Peel the Onion | The Beatles: Get Back A Must Watch for Artists and Creatives (Part II)
There Will Be An Answer
All band members look uncomfortable and bewildered as each second of their workday is spied upon.
In the flux of blossoming into a competitive songwriter within the group yet still outside the Lennon-McCartney partnership, George Harrison's frustration boils over, and he finally quits. More profound Beatles scholarship will attest to Harrison's marital problems at the time as one reason for his abrupt departure.
"See you 'round the clubs," he says casually—no fight, no argument, just a clean, fluid exit. Within the cold colored lights of Twickenham, George comes across as petulant teen Beatle railing against older Beatle authority.
For example, John presents Don't Let Me Down, and the band runs through the song a few times.
George: "It sounds like the same old shit."
John: "Well, I like the same old shit."
Comic-relief Beatle and the world's most underrated drummer, Ringo Starr, is the least cringey of the bunch. He's quiet and stoic throughout but bored as hell as he waits for his comrades to get it together.
"I just farted," he says in Episode Three. "I just thought you should know."
George returns on the condition that they relocate to EMI's basement, which is 1960s shag-carpeted to fuck and looks gross and a bit austere (for the world's biggest band, anyway). For most of Episode Two, the mood lifts as they move from rehearsal mode to recording mode. The chemistry between all members is apparent, though not entirely free from underlying issues. The addition of keyboardist Billy Preston provides a crucial emollient to the easing of band tensions.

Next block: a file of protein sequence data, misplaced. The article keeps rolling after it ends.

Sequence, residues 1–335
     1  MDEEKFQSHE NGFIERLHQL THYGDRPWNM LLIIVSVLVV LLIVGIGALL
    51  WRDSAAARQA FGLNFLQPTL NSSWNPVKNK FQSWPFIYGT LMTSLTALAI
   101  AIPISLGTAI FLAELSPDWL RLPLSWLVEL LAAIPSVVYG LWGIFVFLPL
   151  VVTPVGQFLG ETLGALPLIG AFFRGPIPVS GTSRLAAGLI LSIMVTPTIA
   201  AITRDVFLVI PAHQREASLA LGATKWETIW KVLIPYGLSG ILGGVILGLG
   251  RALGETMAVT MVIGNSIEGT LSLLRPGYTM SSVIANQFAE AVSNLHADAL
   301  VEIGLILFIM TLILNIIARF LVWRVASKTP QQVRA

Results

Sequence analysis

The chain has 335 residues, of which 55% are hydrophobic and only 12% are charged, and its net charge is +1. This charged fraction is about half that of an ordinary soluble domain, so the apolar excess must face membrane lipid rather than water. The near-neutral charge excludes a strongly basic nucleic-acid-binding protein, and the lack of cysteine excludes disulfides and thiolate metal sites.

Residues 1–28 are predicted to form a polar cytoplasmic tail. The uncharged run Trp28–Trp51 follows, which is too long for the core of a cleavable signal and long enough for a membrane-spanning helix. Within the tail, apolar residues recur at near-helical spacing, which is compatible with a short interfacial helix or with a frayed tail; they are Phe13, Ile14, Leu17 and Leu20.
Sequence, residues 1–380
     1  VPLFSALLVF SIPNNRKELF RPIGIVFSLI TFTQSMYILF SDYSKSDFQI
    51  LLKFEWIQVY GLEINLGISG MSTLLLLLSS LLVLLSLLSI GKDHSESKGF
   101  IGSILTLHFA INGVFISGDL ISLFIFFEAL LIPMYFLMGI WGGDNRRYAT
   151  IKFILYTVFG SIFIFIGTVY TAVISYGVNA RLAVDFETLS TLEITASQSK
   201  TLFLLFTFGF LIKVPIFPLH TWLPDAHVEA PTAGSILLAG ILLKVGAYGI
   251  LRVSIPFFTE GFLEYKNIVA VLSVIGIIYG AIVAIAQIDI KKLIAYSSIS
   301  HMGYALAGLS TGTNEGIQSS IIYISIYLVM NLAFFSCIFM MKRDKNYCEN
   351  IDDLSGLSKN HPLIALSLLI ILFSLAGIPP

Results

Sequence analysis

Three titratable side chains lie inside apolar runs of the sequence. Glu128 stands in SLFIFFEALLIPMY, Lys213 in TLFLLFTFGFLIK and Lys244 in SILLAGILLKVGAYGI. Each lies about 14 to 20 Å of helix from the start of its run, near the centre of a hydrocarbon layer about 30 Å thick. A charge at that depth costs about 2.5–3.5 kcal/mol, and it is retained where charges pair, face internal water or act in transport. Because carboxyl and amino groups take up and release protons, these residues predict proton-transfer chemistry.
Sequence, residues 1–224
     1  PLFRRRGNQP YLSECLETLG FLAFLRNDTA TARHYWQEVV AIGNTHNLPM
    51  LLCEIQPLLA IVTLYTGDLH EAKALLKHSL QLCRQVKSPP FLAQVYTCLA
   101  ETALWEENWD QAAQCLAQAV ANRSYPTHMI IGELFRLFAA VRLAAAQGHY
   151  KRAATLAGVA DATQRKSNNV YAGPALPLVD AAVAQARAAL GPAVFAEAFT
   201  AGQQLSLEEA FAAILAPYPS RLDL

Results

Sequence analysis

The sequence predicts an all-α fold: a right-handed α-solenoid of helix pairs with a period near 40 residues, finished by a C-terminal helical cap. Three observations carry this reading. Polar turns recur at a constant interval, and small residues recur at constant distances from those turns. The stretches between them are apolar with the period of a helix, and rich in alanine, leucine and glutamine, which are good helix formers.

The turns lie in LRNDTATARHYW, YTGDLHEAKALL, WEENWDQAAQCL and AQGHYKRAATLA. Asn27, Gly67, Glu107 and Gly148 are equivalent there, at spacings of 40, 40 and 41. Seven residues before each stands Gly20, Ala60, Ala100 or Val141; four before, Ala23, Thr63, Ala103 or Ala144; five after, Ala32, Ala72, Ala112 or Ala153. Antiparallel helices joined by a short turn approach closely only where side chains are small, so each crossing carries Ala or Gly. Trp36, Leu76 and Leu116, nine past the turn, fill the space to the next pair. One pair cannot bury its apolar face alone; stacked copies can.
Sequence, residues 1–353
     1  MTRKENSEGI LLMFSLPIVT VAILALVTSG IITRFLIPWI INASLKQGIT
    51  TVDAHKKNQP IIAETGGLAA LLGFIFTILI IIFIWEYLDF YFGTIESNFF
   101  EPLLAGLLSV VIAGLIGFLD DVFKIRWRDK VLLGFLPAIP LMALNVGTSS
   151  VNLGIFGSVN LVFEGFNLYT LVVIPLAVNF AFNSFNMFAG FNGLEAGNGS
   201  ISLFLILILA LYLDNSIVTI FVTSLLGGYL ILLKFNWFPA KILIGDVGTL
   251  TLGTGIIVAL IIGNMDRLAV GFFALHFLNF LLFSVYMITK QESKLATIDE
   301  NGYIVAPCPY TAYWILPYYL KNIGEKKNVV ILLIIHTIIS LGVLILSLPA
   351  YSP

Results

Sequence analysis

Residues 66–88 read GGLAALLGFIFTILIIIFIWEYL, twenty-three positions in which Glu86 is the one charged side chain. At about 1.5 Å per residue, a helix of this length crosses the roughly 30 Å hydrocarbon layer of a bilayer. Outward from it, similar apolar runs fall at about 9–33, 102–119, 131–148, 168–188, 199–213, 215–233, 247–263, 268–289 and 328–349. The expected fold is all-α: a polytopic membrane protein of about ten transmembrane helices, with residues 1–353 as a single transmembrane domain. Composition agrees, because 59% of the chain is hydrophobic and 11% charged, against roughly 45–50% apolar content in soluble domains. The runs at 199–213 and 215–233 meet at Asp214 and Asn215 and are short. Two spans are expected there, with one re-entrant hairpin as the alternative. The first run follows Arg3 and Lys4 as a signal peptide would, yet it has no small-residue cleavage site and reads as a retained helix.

Episode Three's pièce de résistance is the rooftop concert, which has finally come to fruition through untold hours of film and real life. Though they don't know it yet, it's their last public performance, which happens in front of friends, family, and associates. The resulting album, Let It Be, is rough and raw but still decent with enough classics, written here in front of our eyes. Still, it's staggering that they managed to pull all of this off with the ridiculous month-long deadline they imposed on themselves. John was right. Backs against the wall, he and they are at their best.
"Get Back" is a frustrating, excessively indulgent snapshot of a band at its cultural zenith fraying at the seams both personally and professionally. It's the only film of its kind that shows an artist of this stature "chipping away" at the graft of genius as they attempt to bottle the last drops of Beatle potion from their collective wilt. Within the frames they support eachother, mess around, throw barbs and insults, make up, then do it all again the very next day. It's a fascinating portrait.
And in the end, a "fifth Beatle" is revealed. It's us. Millions of flies on the wall, watching, marveling, and wishing we had the special bond they had in their lives in our own. To be that creative and to spread that much joy to the world. Finally, in "Get Back," Jackson gives us our own private Beatles, as close to them as we will ever get. And with an 18-hour "director's cut" underway, are you ready for more?
Do you even like toast?
As he would refer himself, J.B. Browne is a half "foreign devil" living with anxiety relieved by purchase. HK-born Writer/Musician/Tinkerer.
The views do not necessarily reflect those of DotDotNews.
Read more articles by J.B.Browne: